Davisville is located, dedicated his work to his great-grandmother Mrs. Grace
Wills because by sharing her “memories of nearly a century, she made history
come alive.” Loxton provides the same benefit for readers of his history of
Davisville from its Native American settlement through the twentieth century.
The village, once part of Joshua Davis’s plot in East Greenwich, was at one time
a section of the Potowomut Purchase in present day Warwick. Davisville,
established by Joshua Davis in 1694, later became an important textile center in
the nineteenth century and a military installation (home of the “Seabees”)
during World War II. Besides covering the details of daily life in the village,
Loxton includes genealogical material on the Davis, Sweet, Reynolds, and Vaughn
families. Photographs, maps, and drawings illustrate this fascinating story of
one of Rhode Island’s smaller villages.
Newportraits by Eileen Warburton, introduction by Judith
Sobel with annotations by Cora Lee Gibbs. (University Press of New England,
Newport families played an important role in the history of Rhode Island and
the formation of the country. In 1992, the Newport Art Museum brought together
the work of traveling painters, master artists of the Gilded Age, and
twentieth-century figures to create a “family album” of Newport’s prominent men,
women, and children in portraits. The result transcends a collection of
portraits to become a study of Newport’s history for three centuries. Former
Newport Art Museum curator Cora Lee Gibbs provides biographical material on each
individual depicted in the color plates. This is a wonderful resource for anyone
with Newport roots.
North Burial Ground Providence, Rhode Island Old Section 1700-1848 by
John E. Sterling (Rhode Island Genealogical Society, 2000) $39.00.
Sterling, one of the founders of the Rhode
Island Cemetery Database project spent years transcribing the headstones in
the North Burial Ground in Providence. This book, published to coincide with the
300th anniversary of the cemetery, creates a record of the burials in
the oldest part of cemetery (1700-1848). By the time formal records
started being kept in 1848, twenty-two acres of prior internments were
unrecorded. The North Burial Ground now covers 110 acres. This volume updates
and amends the 5,600 transcriptions done by Frank Williamson (1856-1879) that
appear in Arnold’s Vital Record of Rhode Island and the 7,500 names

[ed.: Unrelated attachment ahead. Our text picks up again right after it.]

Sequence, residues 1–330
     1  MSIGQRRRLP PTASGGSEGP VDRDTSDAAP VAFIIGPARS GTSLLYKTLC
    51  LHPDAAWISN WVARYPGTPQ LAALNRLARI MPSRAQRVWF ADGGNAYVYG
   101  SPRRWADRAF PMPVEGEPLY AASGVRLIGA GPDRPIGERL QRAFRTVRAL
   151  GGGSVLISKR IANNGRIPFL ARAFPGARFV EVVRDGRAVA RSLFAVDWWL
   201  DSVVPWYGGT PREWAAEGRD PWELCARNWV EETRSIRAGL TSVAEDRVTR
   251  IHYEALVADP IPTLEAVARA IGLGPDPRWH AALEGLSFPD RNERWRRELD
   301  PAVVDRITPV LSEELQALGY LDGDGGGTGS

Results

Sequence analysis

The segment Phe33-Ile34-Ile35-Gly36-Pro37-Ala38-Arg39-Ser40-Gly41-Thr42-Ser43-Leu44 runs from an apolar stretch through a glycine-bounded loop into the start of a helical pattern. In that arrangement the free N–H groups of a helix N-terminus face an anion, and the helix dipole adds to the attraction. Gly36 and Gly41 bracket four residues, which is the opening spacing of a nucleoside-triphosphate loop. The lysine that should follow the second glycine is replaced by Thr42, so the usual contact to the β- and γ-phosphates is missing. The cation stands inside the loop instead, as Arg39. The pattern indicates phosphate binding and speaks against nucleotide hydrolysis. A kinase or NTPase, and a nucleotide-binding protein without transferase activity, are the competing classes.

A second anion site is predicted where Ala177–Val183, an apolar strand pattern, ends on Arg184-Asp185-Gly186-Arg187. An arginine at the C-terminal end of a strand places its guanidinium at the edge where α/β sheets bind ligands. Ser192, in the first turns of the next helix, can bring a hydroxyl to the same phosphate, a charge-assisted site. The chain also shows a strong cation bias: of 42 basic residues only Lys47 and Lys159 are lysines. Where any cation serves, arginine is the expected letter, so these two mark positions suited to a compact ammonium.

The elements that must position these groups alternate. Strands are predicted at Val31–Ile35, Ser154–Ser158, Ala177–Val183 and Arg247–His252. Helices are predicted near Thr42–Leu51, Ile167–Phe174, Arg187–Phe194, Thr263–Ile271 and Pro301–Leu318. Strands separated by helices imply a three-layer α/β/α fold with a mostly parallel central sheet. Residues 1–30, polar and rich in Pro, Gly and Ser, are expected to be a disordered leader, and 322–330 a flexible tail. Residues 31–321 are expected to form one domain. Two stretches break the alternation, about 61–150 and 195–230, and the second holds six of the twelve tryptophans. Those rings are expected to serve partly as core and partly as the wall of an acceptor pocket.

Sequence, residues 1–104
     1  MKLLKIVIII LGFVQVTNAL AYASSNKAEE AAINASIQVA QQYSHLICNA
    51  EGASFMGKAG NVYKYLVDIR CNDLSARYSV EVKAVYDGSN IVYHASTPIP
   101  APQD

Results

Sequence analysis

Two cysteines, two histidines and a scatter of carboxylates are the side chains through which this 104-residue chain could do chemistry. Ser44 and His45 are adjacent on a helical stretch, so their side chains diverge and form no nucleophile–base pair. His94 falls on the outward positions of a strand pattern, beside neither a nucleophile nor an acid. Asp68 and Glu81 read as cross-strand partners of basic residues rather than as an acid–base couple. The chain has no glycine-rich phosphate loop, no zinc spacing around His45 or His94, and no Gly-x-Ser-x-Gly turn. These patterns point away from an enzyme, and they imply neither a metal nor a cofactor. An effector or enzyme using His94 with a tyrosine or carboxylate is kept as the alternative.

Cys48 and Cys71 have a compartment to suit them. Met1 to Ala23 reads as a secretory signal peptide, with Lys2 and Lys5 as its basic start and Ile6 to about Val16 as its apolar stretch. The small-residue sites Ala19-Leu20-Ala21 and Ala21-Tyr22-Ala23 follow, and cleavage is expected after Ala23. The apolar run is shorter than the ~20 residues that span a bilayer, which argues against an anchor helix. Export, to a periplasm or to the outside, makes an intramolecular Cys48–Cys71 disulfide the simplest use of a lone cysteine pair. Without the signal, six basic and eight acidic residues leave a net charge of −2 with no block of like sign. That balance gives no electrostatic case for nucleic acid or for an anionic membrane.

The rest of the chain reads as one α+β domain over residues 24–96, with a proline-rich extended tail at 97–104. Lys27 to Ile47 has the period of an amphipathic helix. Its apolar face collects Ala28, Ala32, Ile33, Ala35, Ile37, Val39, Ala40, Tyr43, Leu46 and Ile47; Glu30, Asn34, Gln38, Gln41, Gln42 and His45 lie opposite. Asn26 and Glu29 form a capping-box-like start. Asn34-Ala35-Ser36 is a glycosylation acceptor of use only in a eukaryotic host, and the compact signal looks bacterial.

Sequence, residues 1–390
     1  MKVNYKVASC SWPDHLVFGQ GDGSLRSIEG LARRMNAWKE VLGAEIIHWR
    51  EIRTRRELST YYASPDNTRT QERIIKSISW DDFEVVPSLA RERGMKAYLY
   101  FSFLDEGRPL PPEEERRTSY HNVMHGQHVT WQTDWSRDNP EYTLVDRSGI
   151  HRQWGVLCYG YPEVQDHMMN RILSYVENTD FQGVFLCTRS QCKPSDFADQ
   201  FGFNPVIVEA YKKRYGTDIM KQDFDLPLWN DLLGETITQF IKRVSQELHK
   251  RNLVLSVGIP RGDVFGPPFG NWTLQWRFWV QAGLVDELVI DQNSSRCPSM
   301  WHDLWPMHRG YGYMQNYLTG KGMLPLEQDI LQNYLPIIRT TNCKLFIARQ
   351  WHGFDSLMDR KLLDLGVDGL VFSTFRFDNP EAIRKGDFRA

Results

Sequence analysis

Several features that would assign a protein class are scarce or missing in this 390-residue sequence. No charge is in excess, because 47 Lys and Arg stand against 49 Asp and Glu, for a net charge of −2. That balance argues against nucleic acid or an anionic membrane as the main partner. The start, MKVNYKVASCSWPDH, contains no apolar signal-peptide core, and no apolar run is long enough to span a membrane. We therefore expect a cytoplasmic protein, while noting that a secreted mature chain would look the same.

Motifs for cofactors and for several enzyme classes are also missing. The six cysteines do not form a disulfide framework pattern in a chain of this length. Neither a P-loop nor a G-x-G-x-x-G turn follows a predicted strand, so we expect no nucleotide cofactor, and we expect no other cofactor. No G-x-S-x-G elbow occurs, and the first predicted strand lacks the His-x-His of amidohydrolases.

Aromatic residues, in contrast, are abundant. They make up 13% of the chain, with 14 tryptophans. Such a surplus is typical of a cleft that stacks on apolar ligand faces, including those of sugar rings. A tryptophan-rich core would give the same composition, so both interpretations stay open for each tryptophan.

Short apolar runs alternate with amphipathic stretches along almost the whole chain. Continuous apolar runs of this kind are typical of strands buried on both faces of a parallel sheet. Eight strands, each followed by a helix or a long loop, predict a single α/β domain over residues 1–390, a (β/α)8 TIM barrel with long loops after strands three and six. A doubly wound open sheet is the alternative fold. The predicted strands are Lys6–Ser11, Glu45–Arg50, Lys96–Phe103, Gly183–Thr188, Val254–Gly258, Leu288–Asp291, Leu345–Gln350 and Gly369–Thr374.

recorded by F. T. Calef in 1923. In addition to double-checking and updating
those two manuscripts, Sterling and his crew added over 20,000 names, bringing
the total number of individuals listed in the North Burial Ground cemetery
database to more than 35,000. This volume is vital to anyone with Rhode Island
ancestry in the eighteenth century and early nineteenth century. As the North
Burial Ground was the central resting place for Providence residents regardless
of their economic status, this book is a wonderful resource for anyone looking
for a “missing connection.”
Buildings of Rhode Island by William H. Jordy (Oxford University
Press, spring 2003)
If Jordy’s new book resembles his last, Buildings on Paper: Rhode Island
Architectural Drawings 1825-1945 (Brown University, Rhode Island Historical
Society, Rhode Island School of Design, 1981, jointly authored with Christopher
P. Monkhouse), then it will be full of fascinating detail and great stories.
The Devotion of These Women: Rhode Island in the Antislavery Network
by Deborah Bingham Van Broekhoven (University of Massachusetts Press, fall 2002)
Van Broekhoven, executive director of the American Baptist Historical Society
in Valley Forge, Pennsylvania, studies the role of women in the mid-nineteenth
century abolitionist movement in Rhode Island. Amarancy Paine and other women of
the Providence Anti-Slavery Society stepped forward to revive Rhode Island’s
fading antislavery movement, and sustained it for many years. This unified
effort helped provide the foundation for the Rhode Island State Antislavery